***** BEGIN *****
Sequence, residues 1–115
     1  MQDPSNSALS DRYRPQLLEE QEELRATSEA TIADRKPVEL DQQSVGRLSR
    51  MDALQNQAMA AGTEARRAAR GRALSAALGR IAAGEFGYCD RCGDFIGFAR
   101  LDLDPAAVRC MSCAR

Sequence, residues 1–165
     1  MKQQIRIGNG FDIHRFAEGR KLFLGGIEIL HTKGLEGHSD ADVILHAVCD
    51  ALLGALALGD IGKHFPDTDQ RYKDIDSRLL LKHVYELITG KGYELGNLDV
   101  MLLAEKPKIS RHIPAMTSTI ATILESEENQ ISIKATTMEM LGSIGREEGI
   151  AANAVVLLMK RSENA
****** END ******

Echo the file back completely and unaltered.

Sequence, residues 1–115
     1  MQDPSNSALS DRYRPQLLEE QEELRATSEA TIADRKPVEL DQQSVGRLSR
    51  MDALQNQAMA AGTEARRAAR GRALSAALGR IAAGEFGYCD RCGDFIGFAR
   101  LDLDPAAVRC MSCAR

Sequence, residues 1–165
     1  MKQQIRIGNG FDIHRFAEGR KLFLGGIEIL HTKGLEGHSD ADVILHAVCD
    51  ALLGALALGD IGKHFPDTDQ RYKDIDSRLL LKHVYELITG KGYELGNLDV
   101  MLLAEKPKIS RHIPAMTSTI ATILESEENQ ISIKATTMEM LGSIGREEGI
   151  AANAVVLLMK RSENA